Interestingly, Arwel has been active in preserving the Lidice / Cwmgiedd link over the years and plans to import a pear tree graft taken from the sole surviving tree of the Lidice atrocities in WW2. The tree will be planted in Cwmgiedd.’
Copyright – Sarah Rhys. Mamhilad, Monmouthshire, September 2016.
On The Edge, Peak’s fringe programme of cultural talks from border land, celebrated the National Eisteddfod of Wales in the county of Monmouthshire and involved over 150 people across 7 days (30 July – 5th August) of events that considered the artists and writers of the Black Mountains. The talks took place in the intimate surroundings of The Cabin of Curiosities, an antiques and collectables shop in the heart of Abergavenny, a short walk from the Eisteddfod Maes.
From the comments book:
‘Fascinating and very lively!’ ‘Very interesting – especially the cross discipline aspect.’ ‘Thank you so much for organising this cornucopia of events. Diolch.’ ‘Inspired me to pick up my camera.’ ‘Borders are a state of mind rather than a physical reality. Very thought-provoking.’ ‘Highlights the valuable cultural life of the region.’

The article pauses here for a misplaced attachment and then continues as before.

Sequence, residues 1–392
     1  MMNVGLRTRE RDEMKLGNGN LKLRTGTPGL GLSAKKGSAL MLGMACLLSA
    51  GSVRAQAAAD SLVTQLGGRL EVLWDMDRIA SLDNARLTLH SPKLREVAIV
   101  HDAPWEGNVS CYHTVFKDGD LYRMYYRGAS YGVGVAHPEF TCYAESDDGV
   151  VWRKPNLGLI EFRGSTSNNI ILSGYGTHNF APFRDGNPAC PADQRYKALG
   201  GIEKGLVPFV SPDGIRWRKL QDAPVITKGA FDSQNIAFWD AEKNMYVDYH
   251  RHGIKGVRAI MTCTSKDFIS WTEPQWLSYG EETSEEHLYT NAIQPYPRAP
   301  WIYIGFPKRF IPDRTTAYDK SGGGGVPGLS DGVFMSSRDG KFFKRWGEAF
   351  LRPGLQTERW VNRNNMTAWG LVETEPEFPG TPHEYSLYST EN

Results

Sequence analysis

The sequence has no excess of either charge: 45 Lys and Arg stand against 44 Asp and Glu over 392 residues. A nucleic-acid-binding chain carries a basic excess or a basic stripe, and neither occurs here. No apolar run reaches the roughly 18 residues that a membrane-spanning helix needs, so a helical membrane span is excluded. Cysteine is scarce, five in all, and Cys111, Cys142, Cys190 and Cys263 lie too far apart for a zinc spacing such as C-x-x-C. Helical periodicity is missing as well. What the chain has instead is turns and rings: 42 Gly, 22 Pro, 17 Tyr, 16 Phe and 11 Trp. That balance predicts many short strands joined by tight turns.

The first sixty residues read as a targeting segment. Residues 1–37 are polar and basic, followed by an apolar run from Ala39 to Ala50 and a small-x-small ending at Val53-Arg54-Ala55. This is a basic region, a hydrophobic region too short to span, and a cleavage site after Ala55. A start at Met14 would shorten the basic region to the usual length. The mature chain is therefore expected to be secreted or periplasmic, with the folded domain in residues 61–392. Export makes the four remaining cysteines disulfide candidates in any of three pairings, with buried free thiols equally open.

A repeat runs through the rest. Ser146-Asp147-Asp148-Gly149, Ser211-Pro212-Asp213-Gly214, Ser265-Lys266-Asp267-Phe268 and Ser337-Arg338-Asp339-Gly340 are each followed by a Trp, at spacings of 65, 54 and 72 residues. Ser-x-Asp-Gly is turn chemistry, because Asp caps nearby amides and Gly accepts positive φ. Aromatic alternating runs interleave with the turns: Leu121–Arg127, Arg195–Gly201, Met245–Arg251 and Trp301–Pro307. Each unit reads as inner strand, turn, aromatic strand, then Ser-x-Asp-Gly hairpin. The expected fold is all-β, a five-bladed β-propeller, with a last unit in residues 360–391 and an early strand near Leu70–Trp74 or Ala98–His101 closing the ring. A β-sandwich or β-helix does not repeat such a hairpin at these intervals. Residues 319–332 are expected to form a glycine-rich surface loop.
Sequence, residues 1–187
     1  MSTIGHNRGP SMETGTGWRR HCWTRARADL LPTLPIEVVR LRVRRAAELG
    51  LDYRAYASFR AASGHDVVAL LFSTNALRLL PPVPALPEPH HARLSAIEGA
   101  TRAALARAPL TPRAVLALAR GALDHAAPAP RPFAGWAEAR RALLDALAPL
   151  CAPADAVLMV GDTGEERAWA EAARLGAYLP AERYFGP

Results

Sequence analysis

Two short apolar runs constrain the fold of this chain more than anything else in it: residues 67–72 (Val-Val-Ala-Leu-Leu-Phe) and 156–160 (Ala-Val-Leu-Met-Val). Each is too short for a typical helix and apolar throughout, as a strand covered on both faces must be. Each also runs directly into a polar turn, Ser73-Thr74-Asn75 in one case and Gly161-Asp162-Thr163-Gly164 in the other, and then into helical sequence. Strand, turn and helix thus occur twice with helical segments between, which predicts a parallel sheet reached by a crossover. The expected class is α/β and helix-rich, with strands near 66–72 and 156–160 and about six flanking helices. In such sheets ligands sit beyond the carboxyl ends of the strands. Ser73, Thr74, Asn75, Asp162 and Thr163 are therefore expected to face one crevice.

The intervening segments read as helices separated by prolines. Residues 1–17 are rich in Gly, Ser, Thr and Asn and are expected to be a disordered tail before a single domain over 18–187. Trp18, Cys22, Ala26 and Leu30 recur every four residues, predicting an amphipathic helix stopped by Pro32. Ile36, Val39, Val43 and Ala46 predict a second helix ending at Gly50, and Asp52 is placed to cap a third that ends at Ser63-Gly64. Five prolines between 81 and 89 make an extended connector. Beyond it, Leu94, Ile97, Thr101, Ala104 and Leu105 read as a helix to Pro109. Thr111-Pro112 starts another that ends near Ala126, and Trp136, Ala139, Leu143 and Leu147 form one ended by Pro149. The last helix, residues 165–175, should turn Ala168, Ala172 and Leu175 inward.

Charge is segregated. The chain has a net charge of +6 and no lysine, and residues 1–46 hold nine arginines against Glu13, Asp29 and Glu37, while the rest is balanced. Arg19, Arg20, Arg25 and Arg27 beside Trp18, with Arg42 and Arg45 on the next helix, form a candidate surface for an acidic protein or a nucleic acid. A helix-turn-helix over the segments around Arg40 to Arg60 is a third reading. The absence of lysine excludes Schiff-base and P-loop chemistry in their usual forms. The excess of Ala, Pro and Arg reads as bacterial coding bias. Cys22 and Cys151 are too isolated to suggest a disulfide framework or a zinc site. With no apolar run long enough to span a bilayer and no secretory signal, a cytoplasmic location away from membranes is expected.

David Moore amongst an attentive audience
David Hurn & Penny Hallas
David Hurn, Peter Wakelin, Paul Cabuts, Justine Wheatley
David Hurn & Peter Wakelin
(Images from Paul Cabut’s talk about photography in Newport.
Photo credit: Toril Brancher)
05 / 08 y ffotograffydd Paul Cabuts yn trafod dylanwad ffotograffiaeth ar Goleg Celf Casnewydd
05 / 08 photographer Paul Cabuts discusses the influence of photography at Newport College of Art
Pe meddwn dalent plentyn i weld llais a chlywed llun …
so wrote Gerallt Lloyd Owen in 1974 about the way a child can see a voice and hear a picture. And as Paul Cabuts took us through some of the ways he has used and developed the craft of ffotograffydd – photographer, I too began to wander back and forth along that tingling border between the visual and the verbal, rhwng y gair a’r darlun.
Ac wrth iddo ddweud ei stori, a sôn am ffotograffau’n adrodd stori, mi welais innau stori. And as he shared his own story and spoke of photographs telling their story, I saw a story.
Saethiad lleoli – establishing shot